Buzzing in the Blogs
Bill Gates explains why the Gates Foundation has taken on its grand challenges campaign a decade. He writes:
Grand Challenges has its roots in what I call catalytic philanthropy. It’s designed to fix market failures—places where capitalism fails to meet the needs of the poor. Why is there so much more research done on baldness than on malaria? Because rich people go bald, and they don’t die of malaria.
Grand Challenges is like a venture capital fund in the sense that it backs a lot of ideas—some of them pretty crazy—knowing that many will fail, but a few could have a big impact. I’ll be delighted if five years from now, 20 percent of the initial projects are being deployed and saving lives. And I expect that much of the other 80 percent will still advance the frontiers of science by eliminating dead ends or making discoveries that enable other big ideas.
The Grand Challenges run the gamut from making staple crops more nutritious to creating vaccines that won’t spoil when they get warm. The Wolbachia project that I wrote about in April—trying to stop dengue fever by infecting mosquitoes with a particular bacterium—also came out of a Grand Challenge.
We’ve made short videos about two other example: an effort to identify HIV at the moment of infection and one to fight malaria by overloading the mosquito’s sense of smell (“like getting on an elevator with someone who’s put on way too much perfume,” as researcher Laurence Zwiebel puts it).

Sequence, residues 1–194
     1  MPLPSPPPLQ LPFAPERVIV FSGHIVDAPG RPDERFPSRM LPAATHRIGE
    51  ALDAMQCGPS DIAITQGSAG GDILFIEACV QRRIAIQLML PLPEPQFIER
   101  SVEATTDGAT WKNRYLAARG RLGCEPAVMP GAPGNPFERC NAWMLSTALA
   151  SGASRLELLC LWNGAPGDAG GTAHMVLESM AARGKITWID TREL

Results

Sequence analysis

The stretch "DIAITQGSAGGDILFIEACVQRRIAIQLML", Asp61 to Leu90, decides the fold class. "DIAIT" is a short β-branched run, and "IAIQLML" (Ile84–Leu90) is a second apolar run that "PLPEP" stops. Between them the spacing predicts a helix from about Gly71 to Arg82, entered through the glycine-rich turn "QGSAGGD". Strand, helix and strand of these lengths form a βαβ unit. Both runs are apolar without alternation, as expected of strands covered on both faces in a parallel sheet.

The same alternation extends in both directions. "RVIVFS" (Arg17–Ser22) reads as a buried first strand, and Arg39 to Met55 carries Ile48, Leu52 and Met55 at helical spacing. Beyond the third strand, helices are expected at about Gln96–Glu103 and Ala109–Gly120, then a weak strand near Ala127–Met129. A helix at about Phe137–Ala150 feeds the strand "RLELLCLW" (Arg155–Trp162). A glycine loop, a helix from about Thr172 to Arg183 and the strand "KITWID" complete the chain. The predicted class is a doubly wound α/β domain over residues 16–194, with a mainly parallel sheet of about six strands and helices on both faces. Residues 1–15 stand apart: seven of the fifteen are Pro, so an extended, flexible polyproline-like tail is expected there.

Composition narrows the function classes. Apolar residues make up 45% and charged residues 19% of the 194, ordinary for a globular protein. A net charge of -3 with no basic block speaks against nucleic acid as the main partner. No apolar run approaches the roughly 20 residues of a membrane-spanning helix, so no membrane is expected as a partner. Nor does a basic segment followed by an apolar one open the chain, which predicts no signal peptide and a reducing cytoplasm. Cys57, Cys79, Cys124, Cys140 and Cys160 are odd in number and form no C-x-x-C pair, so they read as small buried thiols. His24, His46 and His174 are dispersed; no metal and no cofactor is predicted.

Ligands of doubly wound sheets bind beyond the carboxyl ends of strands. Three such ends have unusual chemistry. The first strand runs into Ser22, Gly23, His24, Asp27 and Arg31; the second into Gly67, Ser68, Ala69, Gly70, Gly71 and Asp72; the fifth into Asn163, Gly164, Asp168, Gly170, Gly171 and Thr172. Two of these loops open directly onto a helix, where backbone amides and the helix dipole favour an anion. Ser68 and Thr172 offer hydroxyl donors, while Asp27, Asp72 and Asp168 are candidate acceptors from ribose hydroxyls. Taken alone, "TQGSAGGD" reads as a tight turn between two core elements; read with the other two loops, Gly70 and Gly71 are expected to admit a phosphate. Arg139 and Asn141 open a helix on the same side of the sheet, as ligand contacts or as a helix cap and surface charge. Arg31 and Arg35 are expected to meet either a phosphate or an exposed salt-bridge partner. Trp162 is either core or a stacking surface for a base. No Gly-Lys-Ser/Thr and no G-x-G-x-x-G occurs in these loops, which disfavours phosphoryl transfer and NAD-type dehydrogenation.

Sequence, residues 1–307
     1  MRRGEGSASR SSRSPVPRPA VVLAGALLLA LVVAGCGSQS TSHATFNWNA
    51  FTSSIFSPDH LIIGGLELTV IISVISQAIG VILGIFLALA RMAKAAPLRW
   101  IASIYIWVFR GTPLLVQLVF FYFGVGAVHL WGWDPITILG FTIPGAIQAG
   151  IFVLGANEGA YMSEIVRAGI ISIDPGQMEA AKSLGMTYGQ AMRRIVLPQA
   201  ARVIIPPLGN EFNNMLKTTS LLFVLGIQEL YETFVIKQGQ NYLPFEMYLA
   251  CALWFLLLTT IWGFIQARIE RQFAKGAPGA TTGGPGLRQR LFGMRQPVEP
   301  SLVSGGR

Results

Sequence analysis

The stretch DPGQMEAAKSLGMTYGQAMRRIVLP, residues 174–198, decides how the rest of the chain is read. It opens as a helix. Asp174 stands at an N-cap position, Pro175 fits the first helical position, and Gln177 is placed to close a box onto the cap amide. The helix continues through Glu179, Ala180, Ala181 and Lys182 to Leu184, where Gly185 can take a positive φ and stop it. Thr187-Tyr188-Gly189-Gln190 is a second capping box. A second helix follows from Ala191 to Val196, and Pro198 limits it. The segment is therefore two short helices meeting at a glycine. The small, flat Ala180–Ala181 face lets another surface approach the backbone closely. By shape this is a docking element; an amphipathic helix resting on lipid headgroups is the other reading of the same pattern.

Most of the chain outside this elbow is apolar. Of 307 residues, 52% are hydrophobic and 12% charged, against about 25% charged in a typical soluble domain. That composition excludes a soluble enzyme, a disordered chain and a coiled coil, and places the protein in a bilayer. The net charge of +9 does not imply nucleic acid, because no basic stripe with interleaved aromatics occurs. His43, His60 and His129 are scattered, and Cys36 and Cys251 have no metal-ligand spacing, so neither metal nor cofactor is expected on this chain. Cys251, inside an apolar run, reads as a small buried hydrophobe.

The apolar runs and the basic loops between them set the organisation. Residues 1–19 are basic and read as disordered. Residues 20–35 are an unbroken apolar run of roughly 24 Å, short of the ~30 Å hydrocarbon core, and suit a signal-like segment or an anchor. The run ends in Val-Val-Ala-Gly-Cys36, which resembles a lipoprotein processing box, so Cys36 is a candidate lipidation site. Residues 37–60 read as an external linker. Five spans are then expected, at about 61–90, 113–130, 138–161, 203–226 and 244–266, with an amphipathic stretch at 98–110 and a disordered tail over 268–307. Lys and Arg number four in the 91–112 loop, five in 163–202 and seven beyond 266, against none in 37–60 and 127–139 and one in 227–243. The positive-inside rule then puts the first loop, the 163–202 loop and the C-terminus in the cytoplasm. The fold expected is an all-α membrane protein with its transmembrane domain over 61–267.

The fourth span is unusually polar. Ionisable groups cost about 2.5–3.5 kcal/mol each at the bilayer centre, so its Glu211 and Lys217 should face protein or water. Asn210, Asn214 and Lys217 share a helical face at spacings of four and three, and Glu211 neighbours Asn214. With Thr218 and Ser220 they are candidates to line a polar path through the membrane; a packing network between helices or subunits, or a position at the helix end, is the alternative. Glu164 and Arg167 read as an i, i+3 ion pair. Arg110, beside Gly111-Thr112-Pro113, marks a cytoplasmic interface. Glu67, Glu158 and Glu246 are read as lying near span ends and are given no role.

There’s another Grand Challenge that illustrates both what’s exciting and what’s hard about catalytic philanthropy: making the diagnosis of disease faster and more accurate.
12:30 PM – The Changing World of International Development: How is hte Business of Development is Changing, How are Development Organizations Adjusting to these Changes, and What’s Coming Next? – Georgetown University
2:00 PM – OECD Perspectives on Global Development – Wilson Center
8:30 AM – Ensuring Equity for NCDs in Women’s Health Throughout the Life Course – FHI 360
12:30 PM – Reaching the Most Vulnerable through Social and Gender Analysis: Lessons from Field Research in Mali, Ghana and Malawi – SID
By Mark Leon Goldberg and Tom Murphy
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Disclaimer: Opinions presented in this email do not necessarily reflect the views of PSI.